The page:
Here’s how Ken is going to make mine. He will take my meat, season it generously with salt and pepper then place it in his Josper, an oven and grill combo. Josper is the brand of equipment, not the pet name for his oven as I had thought. You know how men name their cars or motorcycles Eileen or Alice, well this is not the case. Anyway, back in the Josper, the meat is sealed, grilled and smoked at the same time, giving it this unique aroma and flavor. Depending on level of doneness desired, it spends anywhere from five to fifteen minutes in there. He will feel the centre of the meat and then prod it with his kitchen thermometer making sure that it’s the right temperature. And then is removed and left to rest at room temperature for another five minutes. For these high quality cuts of meat, Ken recommends rare to medium-rare doneness.
I don’t get the point of ‘cooking’ your meat rare. To me it’s like walking up to a live cow and just taking a bite out of its ass. Medium -well for me please, as close to cremation as you can get and then back it up a little bit. If he’s miffed by my suggestion of charred steak he doesn’t show it. I choose pepper sauce and butter drowned mushrooms as my sides and Ken nods obligingly.
My dinner companion says he’ll have the chicken. Folks, this is why we can’t prosper. If you go to a steakhouse and order chicken then you are setting your country back at least a generation. He explains that eating beef leaves him feeling like a boa constrictor after a kill- lethargic and engorged. It takes too long to work its way through his system, he protests. Does he not chew his food? I wonder to myself.
The bread is served while we wait for the main course, and while pretty, it’s a distraction. It will take up our limited stomach space so we ignore it and segue into an interesting conversation about pretty girls who get totally smashed on 4 cans of Redd’s. My impression of it is that it’s a placebo, like fermented porridge. You are not actually supposed to get high on it. And then what is it? A beer? A fizzy cousin of champagne? A cider? Whatever it is, I think they should have left it to cook a little longer before they canned it. And then there’s the conversation part, social drinking is in large part about the conversation, sometimes deep and sometimes benign. How deep can you get though when your drinking buddy is on Redd’s?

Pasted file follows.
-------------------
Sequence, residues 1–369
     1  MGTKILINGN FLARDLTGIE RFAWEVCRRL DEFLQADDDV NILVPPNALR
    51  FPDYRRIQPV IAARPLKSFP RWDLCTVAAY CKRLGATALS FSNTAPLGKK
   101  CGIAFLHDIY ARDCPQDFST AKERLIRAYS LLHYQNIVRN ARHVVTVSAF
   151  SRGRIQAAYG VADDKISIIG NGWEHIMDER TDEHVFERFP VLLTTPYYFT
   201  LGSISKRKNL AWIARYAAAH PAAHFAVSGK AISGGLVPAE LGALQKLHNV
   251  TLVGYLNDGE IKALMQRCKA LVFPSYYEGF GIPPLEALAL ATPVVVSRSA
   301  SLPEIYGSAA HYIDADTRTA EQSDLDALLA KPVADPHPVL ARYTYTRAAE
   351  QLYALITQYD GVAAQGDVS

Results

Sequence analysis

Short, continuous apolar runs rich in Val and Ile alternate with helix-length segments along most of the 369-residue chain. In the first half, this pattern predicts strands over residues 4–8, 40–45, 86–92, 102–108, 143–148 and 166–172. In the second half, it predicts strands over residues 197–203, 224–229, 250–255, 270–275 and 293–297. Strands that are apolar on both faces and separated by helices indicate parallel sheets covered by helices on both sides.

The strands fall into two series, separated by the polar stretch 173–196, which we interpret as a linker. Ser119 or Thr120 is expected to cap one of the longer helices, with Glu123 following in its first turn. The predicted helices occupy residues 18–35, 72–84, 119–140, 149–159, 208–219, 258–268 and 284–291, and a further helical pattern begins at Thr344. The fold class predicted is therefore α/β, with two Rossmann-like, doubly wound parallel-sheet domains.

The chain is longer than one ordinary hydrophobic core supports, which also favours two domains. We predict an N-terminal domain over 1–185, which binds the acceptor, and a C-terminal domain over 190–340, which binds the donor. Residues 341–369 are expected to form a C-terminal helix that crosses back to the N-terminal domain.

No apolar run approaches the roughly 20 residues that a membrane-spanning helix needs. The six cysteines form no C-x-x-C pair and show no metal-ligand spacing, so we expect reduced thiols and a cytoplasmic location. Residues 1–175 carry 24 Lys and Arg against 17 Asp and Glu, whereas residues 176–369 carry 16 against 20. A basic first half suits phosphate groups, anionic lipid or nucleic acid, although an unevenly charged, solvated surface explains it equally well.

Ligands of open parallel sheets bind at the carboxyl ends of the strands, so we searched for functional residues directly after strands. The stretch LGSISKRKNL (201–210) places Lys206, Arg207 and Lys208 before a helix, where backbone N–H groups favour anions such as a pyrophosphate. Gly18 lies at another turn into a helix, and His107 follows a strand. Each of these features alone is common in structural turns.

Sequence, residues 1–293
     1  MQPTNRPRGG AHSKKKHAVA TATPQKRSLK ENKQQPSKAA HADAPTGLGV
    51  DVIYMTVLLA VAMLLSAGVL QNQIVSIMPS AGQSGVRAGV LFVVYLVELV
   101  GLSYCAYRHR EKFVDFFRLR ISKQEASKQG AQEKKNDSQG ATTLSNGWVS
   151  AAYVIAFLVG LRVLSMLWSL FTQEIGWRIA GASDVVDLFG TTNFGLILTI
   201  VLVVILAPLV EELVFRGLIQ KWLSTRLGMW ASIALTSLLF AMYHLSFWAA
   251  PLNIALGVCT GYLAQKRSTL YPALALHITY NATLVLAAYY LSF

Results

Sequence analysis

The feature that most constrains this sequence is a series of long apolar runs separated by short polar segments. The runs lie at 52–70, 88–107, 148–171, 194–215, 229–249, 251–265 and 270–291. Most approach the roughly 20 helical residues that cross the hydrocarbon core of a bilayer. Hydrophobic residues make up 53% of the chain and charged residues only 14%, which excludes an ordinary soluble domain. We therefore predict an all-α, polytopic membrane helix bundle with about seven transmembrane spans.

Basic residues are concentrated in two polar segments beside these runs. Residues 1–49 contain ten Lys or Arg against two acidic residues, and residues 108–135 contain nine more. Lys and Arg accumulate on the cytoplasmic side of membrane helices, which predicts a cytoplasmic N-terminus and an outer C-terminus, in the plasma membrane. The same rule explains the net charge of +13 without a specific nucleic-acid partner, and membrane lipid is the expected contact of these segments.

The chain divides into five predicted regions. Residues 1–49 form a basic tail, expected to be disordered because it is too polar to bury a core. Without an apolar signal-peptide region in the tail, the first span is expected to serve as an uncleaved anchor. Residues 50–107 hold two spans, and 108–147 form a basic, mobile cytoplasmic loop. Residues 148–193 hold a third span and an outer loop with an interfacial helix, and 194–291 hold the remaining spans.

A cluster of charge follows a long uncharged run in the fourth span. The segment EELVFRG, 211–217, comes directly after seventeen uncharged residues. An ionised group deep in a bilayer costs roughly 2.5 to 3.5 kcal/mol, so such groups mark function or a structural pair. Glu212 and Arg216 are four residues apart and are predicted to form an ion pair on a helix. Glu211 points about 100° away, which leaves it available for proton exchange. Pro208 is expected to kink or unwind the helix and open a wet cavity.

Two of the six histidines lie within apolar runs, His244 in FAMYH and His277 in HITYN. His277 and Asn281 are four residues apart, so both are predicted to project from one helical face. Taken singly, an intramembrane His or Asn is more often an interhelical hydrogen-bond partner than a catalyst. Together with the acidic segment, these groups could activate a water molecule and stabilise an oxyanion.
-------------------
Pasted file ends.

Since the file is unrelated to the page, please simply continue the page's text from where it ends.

Joy of joys, Ken interrupts our musings with our dinner. The beef and chicken are served on wooden and slate board. I’d like to try this serving style at home but my relatives from the village probably think I’ve fallen on hard times if I served them on chopping boards. My meat comes with additional bones that have been sawed in half exposing the marrow within. Ken just keeps winning and I wink my approval. Our side dishes are served in miniature cast iron pots, so cute they make awesome party favours. My mushrooms are served whole and they are truly gorgeous. I pop them into my mouth, closing my eyes in total bliss.
My rib eye steak is a thing of beauty and garnished with rock salt. The first slice is quickly followed by a second and a third before I realize that I’ve been holding my breath. The flavor is so good it grabs you by your shirt lapels and draws you in like a saucy wench. I take a good enough stab at my steak, eating about half of it before I raise my white flag of surrender. I’m stuffed to the gills and appreciative of Ken’s handiwork. Later, he invites us to his kitchen where he introduces us to Josper and the order of Chateaubriand that he has prepared for another diner. I feel like I should have my picture taken with this meat. Wow, is all I can manage.
Cover Image credit; Kenya Buzz